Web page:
Vascular Supply Of The Spinal Cord

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A. Anterior spinal artery. There is only one anterior spinal artery, which arises from the vertebral arteries. It supplies the ventral two-thirds of the spinal cord.

B. Posterior spinal arteries. There are two posterior spinal arteries that arise from the vertebral arteries or the posterior inferior cerebellar arteries. They supply the dorsal one-third of the spinal cord.

C. Radicular arteries. The radicular arteries arise from the vertebral, deep cervical, ascending cervical, posterior intercostal, lumbar, and lateral sacral arteries. They enter the vertebral canal through the intervertebral foramina and branch into the anterior and posterior radicular arteries.

D. Great radicular artery (artery of Adamkiewicz)

1. The great radicular artery usually arises on the left side, from a posterior intercostal artery or a lumbar artery.

2. This artery is clinically important because it makes a major contribution to the anterior spinal artery. It also provides the main blood supply to the lower part of the spinal cord.

3. Ligation of the great radicular artery during resection of an abdominal aortic aneurysm may result in anterior spinal artery syndrome. Clinical findings include: paraplegia, impotence, loss of voluntary control of the bladder and bowel (incontinence), and loss of pain and temperature sensation (although vibration and proprioception sensation are retained).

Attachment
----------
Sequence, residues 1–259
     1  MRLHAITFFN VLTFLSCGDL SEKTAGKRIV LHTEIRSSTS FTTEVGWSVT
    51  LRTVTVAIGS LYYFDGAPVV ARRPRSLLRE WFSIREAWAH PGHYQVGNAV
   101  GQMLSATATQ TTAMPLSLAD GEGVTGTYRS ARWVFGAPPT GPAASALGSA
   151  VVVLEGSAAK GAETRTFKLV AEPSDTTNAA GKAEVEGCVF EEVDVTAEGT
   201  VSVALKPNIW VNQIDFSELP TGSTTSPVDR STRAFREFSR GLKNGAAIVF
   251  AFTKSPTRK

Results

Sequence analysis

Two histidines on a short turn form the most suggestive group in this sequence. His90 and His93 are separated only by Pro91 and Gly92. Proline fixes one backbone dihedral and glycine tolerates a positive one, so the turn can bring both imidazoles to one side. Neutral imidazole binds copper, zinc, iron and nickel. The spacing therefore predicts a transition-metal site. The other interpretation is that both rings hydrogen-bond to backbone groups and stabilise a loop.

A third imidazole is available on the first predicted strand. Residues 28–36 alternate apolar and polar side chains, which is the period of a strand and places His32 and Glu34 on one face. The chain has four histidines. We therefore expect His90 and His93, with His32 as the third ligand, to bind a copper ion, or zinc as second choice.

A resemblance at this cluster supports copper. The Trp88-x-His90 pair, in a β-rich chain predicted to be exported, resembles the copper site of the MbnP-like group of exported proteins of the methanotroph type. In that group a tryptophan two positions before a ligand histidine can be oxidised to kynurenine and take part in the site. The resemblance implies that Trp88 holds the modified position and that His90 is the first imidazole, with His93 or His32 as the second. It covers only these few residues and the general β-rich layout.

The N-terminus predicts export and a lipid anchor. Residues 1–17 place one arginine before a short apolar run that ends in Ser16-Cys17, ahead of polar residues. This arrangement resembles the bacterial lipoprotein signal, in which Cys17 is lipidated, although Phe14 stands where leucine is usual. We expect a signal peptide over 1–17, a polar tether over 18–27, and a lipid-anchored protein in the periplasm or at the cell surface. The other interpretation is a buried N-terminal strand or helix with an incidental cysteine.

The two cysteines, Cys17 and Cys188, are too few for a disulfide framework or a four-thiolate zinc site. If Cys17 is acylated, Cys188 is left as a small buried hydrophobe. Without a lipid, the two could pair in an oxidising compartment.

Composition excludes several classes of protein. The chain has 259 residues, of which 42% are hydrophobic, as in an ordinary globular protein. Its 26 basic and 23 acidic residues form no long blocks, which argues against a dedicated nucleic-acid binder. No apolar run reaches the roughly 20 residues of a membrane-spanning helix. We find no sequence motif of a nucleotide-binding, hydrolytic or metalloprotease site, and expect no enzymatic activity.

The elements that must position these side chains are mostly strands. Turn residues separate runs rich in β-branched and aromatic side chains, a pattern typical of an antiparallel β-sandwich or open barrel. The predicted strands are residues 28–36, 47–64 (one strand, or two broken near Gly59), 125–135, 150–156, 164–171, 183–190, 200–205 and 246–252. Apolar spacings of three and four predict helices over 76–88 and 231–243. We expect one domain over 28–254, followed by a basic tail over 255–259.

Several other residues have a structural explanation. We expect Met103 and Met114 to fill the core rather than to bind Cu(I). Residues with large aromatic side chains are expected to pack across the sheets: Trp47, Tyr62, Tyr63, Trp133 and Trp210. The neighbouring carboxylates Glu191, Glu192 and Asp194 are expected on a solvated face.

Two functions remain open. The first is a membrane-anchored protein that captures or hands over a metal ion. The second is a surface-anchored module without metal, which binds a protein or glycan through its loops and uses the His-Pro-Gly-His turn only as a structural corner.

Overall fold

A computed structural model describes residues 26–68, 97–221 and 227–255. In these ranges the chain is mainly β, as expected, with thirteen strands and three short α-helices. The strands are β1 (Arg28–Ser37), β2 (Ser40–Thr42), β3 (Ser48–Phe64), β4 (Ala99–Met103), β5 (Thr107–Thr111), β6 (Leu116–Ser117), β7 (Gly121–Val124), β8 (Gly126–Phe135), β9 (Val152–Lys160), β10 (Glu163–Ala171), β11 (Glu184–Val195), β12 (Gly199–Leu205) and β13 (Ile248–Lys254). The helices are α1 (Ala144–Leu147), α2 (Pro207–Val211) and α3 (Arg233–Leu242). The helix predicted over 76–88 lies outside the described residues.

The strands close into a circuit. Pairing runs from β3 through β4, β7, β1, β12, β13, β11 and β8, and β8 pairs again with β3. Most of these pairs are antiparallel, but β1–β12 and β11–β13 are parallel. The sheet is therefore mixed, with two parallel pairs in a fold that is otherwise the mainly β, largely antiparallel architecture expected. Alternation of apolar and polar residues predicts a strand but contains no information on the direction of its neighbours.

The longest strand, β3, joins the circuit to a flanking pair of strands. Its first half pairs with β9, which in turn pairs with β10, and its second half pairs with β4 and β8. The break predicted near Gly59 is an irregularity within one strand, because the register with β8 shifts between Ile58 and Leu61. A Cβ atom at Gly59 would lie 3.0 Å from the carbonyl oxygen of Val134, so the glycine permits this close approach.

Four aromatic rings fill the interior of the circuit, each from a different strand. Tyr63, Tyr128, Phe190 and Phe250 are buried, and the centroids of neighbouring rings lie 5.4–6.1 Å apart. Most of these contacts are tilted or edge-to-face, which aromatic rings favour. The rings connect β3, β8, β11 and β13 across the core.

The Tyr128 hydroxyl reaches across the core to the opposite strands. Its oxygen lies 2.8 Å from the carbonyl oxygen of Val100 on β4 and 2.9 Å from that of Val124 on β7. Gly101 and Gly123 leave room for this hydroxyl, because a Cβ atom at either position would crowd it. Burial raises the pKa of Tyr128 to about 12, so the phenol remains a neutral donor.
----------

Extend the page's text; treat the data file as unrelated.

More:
III. THE SPINAL NERVE (Figures 2-1A and 2-2). There are 31 pairs of spinal nerves: 8

cervical, 12 thoracic, 5 lumbar, 5 sacral, and 1 coccygeal. Each spinal nerve has several components, as indicated below.

A. Small bundles of nerve fibers called root filaments, or rootlets (see Figure 2-1), arise from the dorsal and ventral surfaces of the spinal cord.

Figure 2-2. Components of a typical thoracic spinal nerve. The four functional components are the general somatic afferent (GSA), general somatic efferent (GSE), general visceral afferent (GVA), and general visceral efferent (GVE). The muscle stretch (myotactic) reflex includes the neuromuscular spindle, GSA dorsal root ganglion cell, GSE ventral horn motor neuron, and neuromuscular junction. DRG = dorsal root ganglion; DPR = dorsal primary ramus; GR = gray communicating ramus; PARA = paravertebral (sympathetic chain) ganglion; PRE = prevertebral ganglion; SN = splanchnic nerve; VPR = ventral primary ramus; WR = white communicating ramus.

Spinal Cord White Ramus

Figure 2-2. Components of a typical thoracic spinal nerve. The four functional components are the general somatic afferent (GSA), general somatic efferent (GSE), general visceral afferent (GVA), and general visceral efferent (GVE). The muscle stretch (myotactic) reflex includes the neuromuscular spindle, GSA dorsal root ganglion cell, GSE ventral horn motor neuron, and neuromuscular junction. DRG = dorsal root ganglion; DPR = dorsal primary ramus; GR = gray communicating ramus; PARA = paravertebral (sympathetic chain) ganglion; PRE = prevertebral ganglion; SN = splanchnic nerve; VPR = ventral primary ramus; WR = white communicating ramus.

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